Here's the new Texas anti-barratry statute:
AUTHOR'S / SPONSOR'S STATEMENT OF INTENT
Barratry is commonly known as vexatious incitement to litigation, typically by soliciting potential legal clients. Many refer to the practice as "case running." Under Section 38.12, Penal Code, "barratry" is generally defined as the illegal solicitation of professional employment. The Texas Disciplinary Rules of Professional Conduct of the State Bar of Texas prohibit these solicitations as well. Adding a civil enforcement option would help curtail this practice.
S.B. 1716 adds a cause of action for a client who has been unlawfully solicited to void the contract and recover any actual damages and any fees and expenses paid. The bill allows a potential client to recover a civil penalty of $10,000 from any person who committed barratry but did not succeed in getting the potential client to sign a contract. Actual damages and attorney's fees are also recoverable by a potential client. In addition, the bill allows equitable, quantum meruit recovery of reasonable fees and expenses by any other lawyer who did not commit barratry and did not know of it (the innocent lawyer safe harbor).
S.B. 1716 amends current law relating to voidability of contracts procured through and liability arising from conduct constituting barratry and provides a civil penalty.
This bill does not expressly grant any additional rulemaking authority to a state officer, institution, or agency.
SECTION BY SECTION ANALYSIS
SECTION 1. Amends Section 82.065, Government Code, as follows:
Sec. 82.065. New heading: CONTRACT FOR LEGAL SERVICES. (a) Makes no changes to this subsection.
(b) Provides that any contract, rather than a contingent fee contract, for legal services is voidable by the client if it is procured as a result of conduct violating the laws of this state or the Texas Disciplinary Rules of Professional Conduct of the State Bar of Texas (disciplinary rules) regarding barratry by attorneys or other persons.
(c) Authorizes an attorney who was paid or owed fees or expenses under a contract that is voided under this section to recover fees and expenses based on a quantum meruit theory if the client does not prove that the attorney committed barratry or had actual knowledge, before undertaking the representation, that the contract was procured as a result of barratry by another person. Requires an attorney, to recover fees or expenses under this subsection, to have reported the misconduct as required by the disciplinary rules unless another person has already reported the misconduct, or the attorney reasonably believed that reporting the misconduct would substantially prejudice the client's interests.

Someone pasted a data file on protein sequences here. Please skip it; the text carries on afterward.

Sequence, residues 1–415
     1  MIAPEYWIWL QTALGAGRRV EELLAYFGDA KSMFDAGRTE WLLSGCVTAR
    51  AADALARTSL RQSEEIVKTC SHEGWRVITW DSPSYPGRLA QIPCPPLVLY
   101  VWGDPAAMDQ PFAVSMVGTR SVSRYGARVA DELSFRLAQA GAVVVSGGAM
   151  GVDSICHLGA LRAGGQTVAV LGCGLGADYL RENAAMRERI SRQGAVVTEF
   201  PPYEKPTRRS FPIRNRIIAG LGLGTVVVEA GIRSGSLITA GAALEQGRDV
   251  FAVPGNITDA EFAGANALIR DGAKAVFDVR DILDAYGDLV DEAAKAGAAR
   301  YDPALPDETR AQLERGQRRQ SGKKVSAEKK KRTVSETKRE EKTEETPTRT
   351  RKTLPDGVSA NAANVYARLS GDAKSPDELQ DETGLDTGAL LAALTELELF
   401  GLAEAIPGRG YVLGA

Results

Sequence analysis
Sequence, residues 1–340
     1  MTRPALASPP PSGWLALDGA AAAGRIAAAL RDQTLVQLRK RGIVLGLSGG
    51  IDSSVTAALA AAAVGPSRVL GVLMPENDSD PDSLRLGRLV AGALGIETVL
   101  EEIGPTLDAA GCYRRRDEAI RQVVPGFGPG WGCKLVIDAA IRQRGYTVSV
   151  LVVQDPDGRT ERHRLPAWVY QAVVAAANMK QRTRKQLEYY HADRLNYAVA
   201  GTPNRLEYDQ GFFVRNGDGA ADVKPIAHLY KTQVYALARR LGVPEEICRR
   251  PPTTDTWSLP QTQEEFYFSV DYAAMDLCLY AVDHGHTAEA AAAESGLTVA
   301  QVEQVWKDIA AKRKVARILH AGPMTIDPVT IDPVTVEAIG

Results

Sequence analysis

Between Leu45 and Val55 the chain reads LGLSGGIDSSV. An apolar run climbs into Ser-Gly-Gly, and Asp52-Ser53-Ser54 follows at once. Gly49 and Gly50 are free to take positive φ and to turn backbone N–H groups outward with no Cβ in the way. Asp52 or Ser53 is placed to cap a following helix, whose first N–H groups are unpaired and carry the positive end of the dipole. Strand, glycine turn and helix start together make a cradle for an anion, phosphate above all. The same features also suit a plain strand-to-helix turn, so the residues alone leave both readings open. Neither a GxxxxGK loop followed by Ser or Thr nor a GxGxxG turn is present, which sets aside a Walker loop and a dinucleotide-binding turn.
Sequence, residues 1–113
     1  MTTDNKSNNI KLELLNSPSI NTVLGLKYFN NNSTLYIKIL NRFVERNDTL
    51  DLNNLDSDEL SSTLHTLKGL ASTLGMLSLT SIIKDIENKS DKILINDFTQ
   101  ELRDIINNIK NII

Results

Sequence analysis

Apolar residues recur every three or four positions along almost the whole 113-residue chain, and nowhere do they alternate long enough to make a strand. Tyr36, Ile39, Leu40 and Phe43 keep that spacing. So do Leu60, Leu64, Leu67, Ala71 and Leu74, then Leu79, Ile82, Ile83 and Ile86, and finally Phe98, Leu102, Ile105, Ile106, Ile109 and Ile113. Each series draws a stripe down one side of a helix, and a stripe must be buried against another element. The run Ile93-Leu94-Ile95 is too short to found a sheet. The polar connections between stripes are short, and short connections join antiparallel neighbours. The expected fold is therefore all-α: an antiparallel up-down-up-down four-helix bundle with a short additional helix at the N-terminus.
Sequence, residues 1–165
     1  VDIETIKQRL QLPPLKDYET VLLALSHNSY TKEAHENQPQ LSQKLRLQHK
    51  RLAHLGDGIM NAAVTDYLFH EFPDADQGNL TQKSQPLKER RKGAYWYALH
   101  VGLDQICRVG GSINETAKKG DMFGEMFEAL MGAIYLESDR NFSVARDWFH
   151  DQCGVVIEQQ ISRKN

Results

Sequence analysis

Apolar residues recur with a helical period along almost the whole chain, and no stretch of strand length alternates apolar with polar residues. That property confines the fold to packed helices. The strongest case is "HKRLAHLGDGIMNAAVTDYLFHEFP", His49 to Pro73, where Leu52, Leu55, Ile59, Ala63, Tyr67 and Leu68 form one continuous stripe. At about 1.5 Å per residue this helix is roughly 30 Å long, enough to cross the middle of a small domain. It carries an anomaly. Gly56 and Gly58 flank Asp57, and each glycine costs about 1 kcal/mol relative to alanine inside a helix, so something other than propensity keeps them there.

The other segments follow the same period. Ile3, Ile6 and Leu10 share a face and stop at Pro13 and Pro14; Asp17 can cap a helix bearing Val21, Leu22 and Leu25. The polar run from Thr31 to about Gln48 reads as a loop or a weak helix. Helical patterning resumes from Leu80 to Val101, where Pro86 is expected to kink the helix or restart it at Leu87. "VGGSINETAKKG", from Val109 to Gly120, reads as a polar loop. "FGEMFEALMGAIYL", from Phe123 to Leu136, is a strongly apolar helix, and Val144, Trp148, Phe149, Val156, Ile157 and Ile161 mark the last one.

SECTION 2. Amends Subchapter C, Chapter 82, Government Code, by adding Section 82.0651, as follows:
Sec. 82.0651. CIVIL LIABILITY FOR PROHIBITED BARRATRY. (a) Authorizes a client to bring an action to void a contract for legal services that was procured as a result of conduct violating the laws of this state or the disciplinary rules regarding barratry by attorneys or other persons.
(b) Requires a client who prevails in an action under Subsection (a) to recover from any person who committed barratry:
(1) all fees and expenses paid to that person under the contract;
(2) the balance of any fees and expenses paid to any other person under the contract, after deducting fees and expenses awarded based on a quantum meruit theory as provided by Section 82.065(c);
(3) actual damages caused by the prohibited conduct; and
(4) reasonable and necessary attorney's fees.
(c) Authorizes a person who was solicited by conduct violating the laws of this state or the disciplinary rules regarding barratry by attorneys or other persons, but who did not enter into a contract as a result of that conduct, to file a civil action against any person who committed barratry.
(d) Requires a person who prevails in an action under Subsection (c) to recover from each person who engaged in barratry:
(1) a penalty in the amount of $10,000;
(2) actual damages caused by the prohibited conduct; and
(3) reasonable and necessary attorney's fees.
(e) Requires that this section be liberally construed and applied to promote its underlying purposes, which are to protect those in need of legal services against unethical, unlawful solicitation and to provide efficient and economical procedures to secure that protection.
(f) Provides that the provisions of this subchapter are not exclusive. Provides that the remedies provided in this subchapter are in addition to any other procedures or remedies provided in any other law, except that a person is prohibited from recovering damages and penalties under both this subchapter and another law for the same act or practice.
SECTION 3. (a) Provides that Section 82.065, Government Code, as amended by this Act, applies only to a contract entered into on or after the effective date of this Act. Provides that a contract entered into before the effective date of this Act is governed by the law in effect immediately before the effective date of this Act, and that law is continued in effect for that purpose.
(b) Provides that Section 82.0651, Government Code, as added by this Act, does not apply to prohibited conduct that occurred before the effective date of this Act. Provides that prohibited conduct that occurred before the effective date of this Act is governed by the law that applied to the conduct immediately before the effective date of this Act, and that law is continued in effect for that purpose.
SECTION 4. Effective date: September 1, 2011.
The new law is creating canibalism within the Texas bar: